Moreover, the Legislature has manifested its clear intent in the Lottery Act, supra, Sec. 9 that the Commissioner shall 'initiate, establish and operate a state lottery.' (Emphasis added.) This language is plain and not subject to construction. Dussia v Monroe County Employees Retirement System, 386 Mich 244; 191 NW2d 307 (1971). Thus, the Legislature has mandated that the Commissioner shall operate a state-wide lottery through employees of the Bureau of Lottery and licensed agents. Further, in the Lottery Act, supra, Sec. 33, the Legislature has specified that unclaimed prize money for the prize on a winning ticket shall be retained by the Commissioner for the person entitled thereto for one year after the drawing in which the prize was won, and if not claimed, the prize money shall be deposited in the state general fund. Once the Commissioner sold the proposed jar ticket game to an operator, the continued control over the operation of the game as a state lottery would close. No prize winner would be in a position to claim his or her prize from the Bureau of Lottery. A review of these provisions negates any intent on the part of the Legislature in enacting the Lottery Act, supra, to empower the Commissioner to sell the local games you have described for operation by a local licensed or unlicensed person or organization.

Further, Administrative Code 1979, R 432.113 prohibits bingo operators from offering jar tickets, and Administrative Code 1979, R 432.307 prohibits millionaire party operators from offering jarco tickets, break open tickets or other illegal lottery tickets, but state lottery tickets may be sold. Thus, the present rules of the Commissioner expressly bar the use of such operators in conducting such local games. If the Legislature were to authorize the Commissioner to conduct such games through such licensed operators, Administrative Code 1979, R 432.113 and R 432.207 would, perforce, have to be appropriately amended.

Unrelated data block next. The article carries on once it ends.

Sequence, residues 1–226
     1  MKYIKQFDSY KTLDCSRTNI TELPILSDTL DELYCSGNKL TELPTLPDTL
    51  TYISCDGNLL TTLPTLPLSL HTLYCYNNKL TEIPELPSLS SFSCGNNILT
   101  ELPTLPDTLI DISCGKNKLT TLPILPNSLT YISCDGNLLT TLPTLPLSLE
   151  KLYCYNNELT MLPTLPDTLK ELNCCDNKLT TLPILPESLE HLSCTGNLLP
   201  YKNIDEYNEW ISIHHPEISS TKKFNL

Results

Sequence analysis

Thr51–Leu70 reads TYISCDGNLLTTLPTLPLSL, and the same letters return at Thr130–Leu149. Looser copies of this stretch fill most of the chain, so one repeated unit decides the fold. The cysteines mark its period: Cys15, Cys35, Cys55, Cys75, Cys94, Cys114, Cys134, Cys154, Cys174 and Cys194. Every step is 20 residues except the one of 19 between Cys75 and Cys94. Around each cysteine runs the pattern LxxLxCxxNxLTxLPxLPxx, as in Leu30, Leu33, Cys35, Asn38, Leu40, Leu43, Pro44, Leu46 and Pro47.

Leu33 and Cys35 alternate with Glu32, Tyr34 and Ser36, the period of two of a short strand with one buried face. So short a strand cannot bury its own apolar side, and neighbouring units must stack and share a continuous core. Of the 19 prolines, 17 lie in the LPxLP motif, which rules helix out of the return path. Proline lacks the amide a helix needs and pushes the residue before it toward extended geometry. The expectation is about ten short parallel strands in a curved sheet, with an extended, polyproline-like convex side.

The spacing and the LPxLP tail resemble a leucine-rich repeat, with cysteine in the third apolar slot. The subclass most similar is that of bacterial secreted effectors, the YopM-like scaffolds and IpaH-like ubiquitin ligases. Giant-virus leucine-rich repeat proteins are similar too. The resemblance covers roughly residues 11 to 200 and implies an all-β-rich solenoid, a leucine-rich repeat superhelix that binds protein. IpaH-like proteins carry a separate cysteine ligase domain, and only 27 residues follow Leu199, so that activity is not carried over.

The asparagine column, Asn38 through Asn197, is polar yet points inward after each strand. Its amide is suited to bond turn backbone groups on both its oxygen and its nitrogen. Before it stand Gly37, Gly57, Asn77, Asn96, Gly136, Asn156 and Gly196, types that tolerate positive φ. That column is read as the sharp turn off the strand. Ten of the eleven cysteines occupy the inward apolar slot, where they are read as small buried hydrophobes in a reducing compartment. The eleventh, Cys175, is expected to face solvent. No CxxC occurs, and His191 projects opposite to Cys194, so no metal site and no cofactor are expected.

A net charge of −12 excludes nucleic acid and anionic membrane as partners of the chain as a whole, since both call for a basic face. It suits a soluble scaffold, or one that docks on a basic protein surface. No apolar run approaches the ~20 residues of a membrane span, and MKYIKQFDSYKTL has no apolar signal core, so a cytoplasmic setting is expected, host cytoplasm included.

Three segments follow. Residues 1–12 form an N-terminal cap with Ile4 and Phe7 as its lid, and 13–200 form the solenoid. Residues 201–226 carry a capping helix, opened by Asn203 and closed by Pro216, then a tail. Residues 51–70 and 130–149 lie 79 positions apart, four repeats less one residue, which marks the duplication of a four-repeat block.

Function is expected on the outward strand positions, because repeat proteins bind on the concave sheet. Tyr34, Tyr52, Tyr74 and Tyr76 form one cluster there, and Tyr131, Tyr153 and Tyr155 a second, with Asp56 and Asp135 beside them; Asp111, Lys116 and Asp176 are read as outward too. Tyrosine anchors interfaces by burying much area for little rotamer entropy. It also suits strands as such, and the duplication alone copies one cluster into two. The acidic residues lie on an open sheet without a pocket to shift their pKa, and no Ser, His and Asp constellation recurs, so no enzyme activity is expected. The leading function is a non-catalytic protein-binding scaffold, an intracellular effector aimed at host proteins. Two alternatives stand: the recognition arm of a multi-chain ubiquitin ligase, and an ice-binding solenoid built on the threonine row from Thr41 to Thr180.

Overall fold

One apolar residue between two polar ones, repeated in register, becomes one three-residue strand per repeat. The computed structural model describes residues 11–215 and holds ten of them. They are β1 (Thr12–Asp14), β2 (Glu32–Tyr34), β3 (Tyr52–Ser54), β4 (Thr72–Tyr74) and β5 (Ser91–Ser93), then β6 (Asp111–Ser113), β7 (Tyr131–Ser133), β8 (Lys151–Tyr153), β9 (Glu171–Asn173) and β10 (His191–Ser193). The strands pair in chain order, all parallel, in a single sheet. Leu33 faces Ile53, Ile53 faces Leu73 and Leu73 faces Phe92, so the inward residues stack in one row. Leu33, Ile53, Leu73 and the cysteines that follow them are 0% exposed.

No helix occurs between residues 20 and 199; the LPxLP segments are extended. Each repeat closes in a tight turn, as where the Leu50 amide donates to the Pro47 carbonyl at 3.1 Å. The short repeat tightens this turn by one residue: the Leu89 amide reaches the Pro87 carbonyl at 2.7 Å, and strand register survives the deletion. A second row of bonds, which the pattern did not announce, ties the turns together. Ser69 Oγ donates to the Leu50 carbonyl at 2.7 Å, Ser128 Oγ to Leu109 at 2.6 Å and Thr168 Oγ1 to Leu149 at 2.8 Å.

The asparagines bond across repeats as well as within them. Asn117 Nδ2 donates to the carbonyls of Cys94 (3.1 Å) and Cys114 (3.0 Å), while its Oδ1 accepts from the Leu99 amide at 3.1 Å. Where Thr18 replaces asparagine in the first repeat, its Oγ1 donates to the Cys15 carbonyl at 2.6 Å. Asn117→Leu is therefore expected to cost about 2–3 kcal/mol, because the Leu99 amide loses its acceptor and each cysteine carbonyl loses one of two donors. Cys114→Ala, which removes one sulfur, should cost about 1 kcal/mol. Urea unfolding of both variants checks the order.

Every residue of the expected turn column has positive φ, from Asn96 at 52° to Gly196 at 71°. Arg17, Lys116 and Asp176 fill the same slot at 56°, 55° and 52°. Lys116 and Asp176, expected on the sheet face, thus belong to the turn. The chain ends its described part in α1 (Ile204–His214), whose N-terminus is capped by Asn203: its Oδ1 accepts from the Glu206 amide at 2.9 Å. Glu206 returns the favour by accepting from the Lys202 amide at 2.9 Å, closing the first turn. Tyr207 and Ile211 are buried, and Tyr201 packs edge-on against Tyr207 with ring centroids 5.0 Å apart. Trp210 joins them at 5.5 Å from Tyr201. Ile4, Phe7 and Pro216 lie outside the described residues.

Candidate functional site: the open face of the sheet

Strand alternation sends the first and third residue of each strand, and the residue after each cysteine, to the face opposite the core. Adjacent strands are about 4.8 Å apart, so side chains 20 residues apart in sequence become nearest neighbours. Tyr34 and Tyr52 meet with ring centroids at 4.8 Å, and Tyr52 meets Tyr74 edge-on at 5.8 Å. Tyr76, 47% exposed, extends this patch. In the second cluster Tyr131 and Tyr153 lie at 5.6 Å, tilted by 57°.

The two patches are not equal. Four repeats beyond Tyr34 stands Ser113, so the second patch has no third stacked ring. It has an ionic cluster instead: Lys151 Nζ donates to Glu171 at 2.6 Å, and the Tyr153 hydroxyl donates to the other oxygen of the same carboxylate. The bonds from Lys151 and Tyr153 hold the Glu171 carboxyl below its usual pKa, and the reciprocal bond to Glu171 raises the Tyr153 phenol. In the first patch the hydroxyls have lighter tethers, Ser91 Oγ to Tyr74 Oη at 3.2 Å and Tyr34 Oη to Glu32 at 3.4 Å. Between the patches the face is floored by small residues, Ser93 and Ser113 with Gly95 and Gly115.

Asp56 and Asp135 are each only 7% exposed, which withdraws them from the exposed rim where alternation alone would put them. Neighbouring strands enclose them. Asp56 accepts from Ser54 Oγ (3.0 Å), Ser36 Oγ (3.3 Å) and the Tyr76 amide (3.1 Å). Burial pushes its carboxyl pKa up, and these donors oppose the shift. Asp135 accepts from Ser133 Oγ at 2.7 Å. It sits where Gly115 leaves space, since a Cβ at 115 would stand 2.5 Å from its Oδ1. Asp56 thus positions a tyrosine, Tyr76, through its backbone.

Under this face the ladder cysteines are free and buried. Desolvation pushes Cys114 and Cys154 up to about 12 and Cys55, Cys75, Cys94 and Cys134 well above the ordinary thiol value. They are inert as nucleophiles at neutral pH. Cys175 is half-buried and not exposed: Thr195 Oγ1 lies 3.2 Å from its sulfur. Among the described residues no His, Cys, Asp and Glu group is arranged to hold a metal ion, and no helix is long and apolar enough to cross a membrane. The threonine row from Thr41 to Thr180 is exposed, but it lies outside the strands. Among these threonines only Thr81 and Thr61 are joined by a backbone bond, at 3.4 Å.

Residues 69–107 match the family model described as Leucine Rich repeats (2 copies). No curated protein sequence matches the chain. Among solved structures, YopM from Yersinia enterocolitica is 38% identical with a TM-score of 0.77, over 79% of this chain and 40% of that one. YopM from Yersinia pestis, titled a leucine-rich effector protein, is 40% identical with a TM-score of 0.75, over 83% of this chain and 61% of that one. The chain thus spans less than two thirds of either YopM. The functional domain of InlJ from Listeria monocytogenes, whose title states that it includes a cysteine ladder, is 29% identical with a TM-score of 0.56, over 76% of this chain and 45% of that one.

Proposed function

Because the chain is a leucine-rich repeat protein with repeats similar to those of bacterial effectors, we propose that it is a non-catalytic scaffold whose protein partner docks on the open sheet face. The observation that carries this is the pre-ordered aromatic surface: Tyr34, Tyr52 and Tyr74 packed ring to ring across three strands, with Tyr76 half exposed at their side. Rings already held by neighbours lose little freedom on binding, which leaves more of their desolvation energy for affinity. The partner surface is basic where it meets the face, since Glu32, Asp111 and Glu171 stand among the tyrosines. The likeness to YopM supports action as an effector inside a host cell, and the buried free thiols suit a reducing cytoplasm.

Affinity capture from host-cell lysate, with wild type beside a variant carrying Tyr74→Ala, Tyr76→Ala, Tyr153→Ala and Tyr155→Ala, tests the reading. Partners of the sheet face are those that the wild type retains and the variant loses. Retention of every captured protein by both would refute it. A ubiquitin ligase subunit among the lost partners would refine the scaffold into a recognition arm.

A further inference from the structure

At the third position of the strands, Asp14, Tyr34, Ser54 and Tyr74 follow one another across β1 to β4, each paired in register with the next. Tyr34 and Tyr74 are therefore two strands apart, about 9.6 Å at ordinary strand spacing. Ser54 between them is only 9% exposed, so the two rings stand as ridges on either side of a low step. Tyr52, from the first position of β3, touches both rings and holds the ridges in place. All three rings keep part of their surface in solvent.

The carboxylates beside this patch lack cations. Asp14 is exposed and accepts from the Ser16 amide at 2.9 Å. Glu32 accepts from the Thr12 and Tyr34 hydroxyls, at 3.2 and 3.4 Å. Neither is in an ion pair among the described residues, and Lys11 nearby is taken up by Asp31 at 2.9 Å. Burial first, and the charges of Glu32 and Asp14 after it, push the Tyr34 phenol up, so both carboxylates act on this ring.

If the Lottery Act, supra, is hereafter amended, (1) it will be necessary to consider the legality of contemplated purchasing procedures. Because there is an interest in implementing this new game and appropriate legislation may reasonably be expected, it would be useful to address the question whether jar tickets may be purchased on a sole-source basis, or whether several companies must be given the opportunity to submit competitive bids for such business in order that preparatory procedures may take place.

Although utilization of competitive bidding is a highly preferred method of accomplishing acquisitions where public funds are to be expended and tends to enhance public confidence in the integrity of the acquisition process, there is no comprehensive statutory bidding procedure. OAG, 1947-1948, No 717, p 613 (March 8, 1948) [('t)here is no statute or rule which requires the State to advertise for competitive bids. . . .' (Emphasis added.)]; 1 OAG, 1957, No 2952, p 238-239 (May 8, 1957); OAG 1979-1980, No 5696, p 726 (April 21, 1980), 72 CJS Supp, Public Contracts, Secs. 7, 8, pp 181, 182.

It is significant that the Lottery Act, supra, Sec. 9 requires the Commissioner to solicit bids from financially responsible vendors of data processing equipment and services for the operation of the lottery, and section 18 of the same act, which confers general contracting authority upon the Commissioner, contains no such language. There is, thus, an inference that the Legislature intended to explicitly mandate competitive bidding only with regard to acquisition of data processing equipment and services.

However, it is necessary to consider whether the Printing Act, supra, imposes a competitive bidding requirement, and if so, whether that act applies to acquisition of the jar ticket game.

The Printing Act, supra, Sec. 1, as amended, regulates acquisition of printing

'[f]of which the State of Michigan is chargeable, or which is paid for with funds appropriated wholly or in part by the State, . . ..' (Subject to exceptions not here pertinent.)

The Printing Act, Sec. 1, supra, regulates the acquisition of 'all printing' for which the state is chargeable or which is paid for with state funds. Therefore, the Printing Act, supra, will apply to the acquisition of jar game lottery tickets if such tickets are 'printed' within the purview of the statute.

The Printing Act, supra, does not expressly define the term 'printing,' and research has revealed no Michigan case interpreting the word in the context of this or any other similar statute. Moreover, the word 'print' may be used to describe a large number of distinctive mechanical processes, and has a wide range of signification. In re Sonora Daily, 108 Cal App 2d 53, 55; 238 P2d 111, 112 (1951); Alpers v United States, 175 F2d 137, 139 (CA 9, 1949).

Where the meaning of a statutory term is not clear and unambiguous, the statute must be construed to give effect to the Legislature's intention in enacting the statute, as determined by the language employed and in light of such legislative history as is available. Miller v State Farm Mutual Automobile Insurance Co, 410 Mich 538, 556; 302 NW2d 537 (1981); Ballinger v Smith, 328 Mich 23; 43 NW2d 49 (1950); Ellis v Boer, 150 Mich 452, 455; 114 NW 239 (1907).